And that change in behaviour is what I hope to create by creating a wire whales tail sculpture, commissioned by the South Taranaki Creative Community Scheme.
Ko au te awa. Ko te awa ko au
The river flows from the mountain to the sea, I am the river, the river is me.
The river gives to you and you give to the river by keeping it healthy.
The Whanganui River is the 3rd longest river in New Zealand, running from Mount Tongariro to the sea and is sacred to the regions Māori people.
Due to it’s importance the awa ‘river’ was granted its own legal identity in 2017, giving it the rights, duties and liabilities of a legal person.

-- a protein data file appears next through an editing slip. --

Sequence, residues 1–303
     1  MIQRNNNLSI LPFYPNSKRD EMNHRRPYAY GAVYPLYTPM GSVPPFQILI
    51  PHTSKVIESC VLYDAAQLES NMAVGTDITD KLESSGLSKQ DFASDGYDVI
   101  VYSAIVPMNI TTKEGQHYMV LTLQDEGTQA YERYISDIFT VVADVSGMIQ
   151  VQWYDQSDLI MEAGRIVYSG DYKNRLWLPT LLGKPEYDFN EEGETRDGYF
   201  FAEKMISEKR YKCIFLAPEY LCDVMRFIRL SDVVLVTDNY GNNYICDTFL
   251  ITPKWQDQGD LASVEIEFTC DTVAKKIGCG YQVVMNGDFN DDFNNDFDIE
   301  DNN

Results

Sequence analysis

Manu Bennett explains in a Radio New Zealand interview that this agreement makes it recognisable to those people that weren’t brought up with the river.
European settlers called it Petre (after Lord Petre an officer of the New Zealand Company) however the name reverted back to the rightful original name.
Every bend and rapid has a kaitiaki ‘guardian’, who maintains the mauri ‘life force’ of the awa ‘river’.
These waters are navigated by the historical restored Waimārie Paddle Steamer offering guests a leisurely river cruise. She is New Zealand’s last steam-powered and coal-fired passenger paddle steamer. Wai – water Mārie – fortunate, peaceful, quiet